|Medical Dictionary - Dictionary of Medicine and Human Biology|
guanethidine sulfate (gwahn-eth′i-den)
A potent antihypertensive agent. It appears to interfere with the release of the chemical mediator (norepinephrine) at the sympathetic neuroeffector junction; it does not produce ganglionic or parasympathetic blockade with recommended doses. In ophthalmology, it is used topically for the treatment of glaucoma and to counteract eyelid retraction in Graves disease.
An antihypertensive agent which is an α2-adrenergic agonist acting in the central nervous system to reduce the output of the sympathetic nervous system; resembles clonidine in its pharmacologic profile.
guanidine (gwahn′i-den, -din)
A strongly basic compound, usually found (in some plants and lower animals) as the hydrochloride; a constituent of creatine and arginine; administered as a cholinergic striated muscle stimulant.
Referring to a guanidine moiety in a molecule ( E.G., in arginine).
An intermediate in creatine biosynthesis.
The enzyme catalyzing the transfer of a methyl group from S-adenosyl-l-methionine (“active methionine”) to guanidinoacetate (glycocyamine), forming creatine and S-adenosyl-l-homocysteine.
guanine (Gua, G) (gwahn′en, -in)
2-Amino-6-oxypurine;one of the two major purines (the other being adenine) occurring in all nucleic acids. g. aminase SYN: g. deaminase. g. deaminase a deaminase of the liver that catalyzes the hydrolysis of g. into xanthine and ammonia; the first step in purine degradation. SYN: guanase, g. aminase. g. deoxyribonucleotide SYN: deoxyguanylic acid. g. ribonucleotide SYN: guanylic acid.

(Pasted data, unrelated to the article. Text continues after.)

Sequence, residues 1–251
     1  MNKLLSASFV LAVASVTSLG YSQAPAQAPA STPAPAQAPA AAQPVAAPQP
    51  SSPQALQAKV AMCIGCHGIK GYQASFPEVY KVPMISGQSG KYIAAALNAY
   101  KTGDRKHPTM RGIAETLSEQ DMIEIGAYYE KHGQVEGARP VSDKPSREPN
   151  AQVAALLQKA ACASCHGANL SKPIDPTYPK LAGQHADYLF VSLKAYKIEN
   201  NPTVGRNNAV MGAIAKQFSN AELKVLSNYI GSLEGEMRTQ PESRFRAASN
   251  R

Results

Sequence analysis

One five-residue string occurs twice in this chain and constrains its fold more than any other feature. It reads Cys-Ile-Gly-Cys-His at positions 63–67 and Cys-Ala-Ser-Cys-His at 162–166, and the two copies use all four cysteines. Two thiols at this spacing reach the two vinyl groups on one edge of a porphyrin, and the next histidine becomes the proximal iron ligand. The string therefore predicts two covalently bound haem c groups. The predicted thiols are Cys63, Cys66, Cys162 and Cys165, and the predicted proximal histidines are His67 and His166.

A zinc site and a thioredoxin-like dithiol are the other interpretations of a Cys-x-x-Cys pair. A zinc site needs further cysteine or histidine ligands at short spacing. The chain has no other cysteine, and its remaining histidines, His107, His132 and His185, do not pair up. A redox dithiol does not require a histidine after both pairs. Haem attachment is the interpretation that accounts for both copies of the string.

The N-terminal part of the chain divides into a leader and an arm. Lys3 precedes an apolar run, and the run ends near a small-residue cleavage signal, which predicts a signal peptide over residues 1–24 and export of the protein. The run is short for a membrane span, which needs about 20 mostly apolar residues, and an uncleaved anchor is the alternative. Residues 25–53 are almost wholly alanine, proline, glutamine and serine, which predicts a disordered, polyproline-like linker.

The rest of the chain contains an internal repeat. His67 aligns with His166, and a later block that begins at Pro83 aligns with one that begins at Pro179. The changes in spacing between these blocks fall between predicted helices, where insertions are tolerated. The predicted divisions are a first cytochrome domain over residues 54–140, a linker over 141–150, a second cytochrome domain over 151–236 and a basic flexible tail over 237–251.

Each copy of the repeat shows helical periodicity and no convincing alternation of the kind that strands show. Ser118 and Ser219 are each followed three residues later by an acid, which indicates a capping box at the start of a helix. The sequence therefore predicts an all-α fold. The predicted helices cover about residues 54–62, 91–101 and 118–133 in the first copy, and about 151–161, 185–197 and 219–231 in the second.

guanochlor sulfate (gwahn′o-klor)
Used as an α-adrenergic blocking agent for the treatment of essential hypertension.
guanosine (G, Guo) (gwahn′o-sen, -sin)
9-β-d-Ribosylguanine (guanine combined through its N-9 with the C-1 of β-d-ribose); a major constituent of RNA and of guanine nucleotides. SYN: 9-β-d-ribofuranosylguanine. cyclic g. 3′,5′-monophosphate (cGMP) an analog of cAMP; a second messenger for atrial natriuretic factor. SYN: cyclic GMP.
guanosine 5′-diphosphate (GDP)
Guanosine esterified at its 5′ position with diphosphoric acid; bound tightly in microtubules.
SYN: guanylic acid.
guanosine 5′-triphosphate (GTP)
An immediate precursor of guanine nucleotides in RNA; similar to ATP; has a crucial role in microtubule formation. GTP cyclohydrolase an enzyme that catalyzes the reaction of GTP and H2O forming formate and a precursor of tetrahydrobiopterin; a deficiency of this enzyme will result in one form of malignant hyperphenylalaninemia.
guanoxan sulfate (gwahn-ok′san)
An antihypertensive agent.
The radical of guanine. g. cyclase SYN: guanylate cyclase.
guanylate cyclase (gwahn′i-lat)
Analogous to adenylate (adenylyl) cyclase, but cyclizing guanosine 5′-triphosphate to guanosine 3′:5′-cyclic monophosphate and also producing pyrophosphate; activated by nitric oxide. SYN: guanyl cyclase, guanylyl cyclase.
guanylic acid (GMP) (gwa-nil′ik)
A major component of ribonucleic acids. SYN: guanine ribonucleotide, guanosine 5′-monophosphate. g. reductase (GMP reductase) an enzyme that catalyzes the reaction of GMP with NADPH, producing IMP, NH3, and NADP+; a part of the purine salvage pathway. g. synthetase (GMP synthetase) an enzyme catalyzing the reaction of l-glutamine, XMP, and ATP to produce GMP, l-glutamate, AMP, and pyrophosphate; a key step in purine biosynthesis.
SYN: RNase T1. See entries under ribonuclease.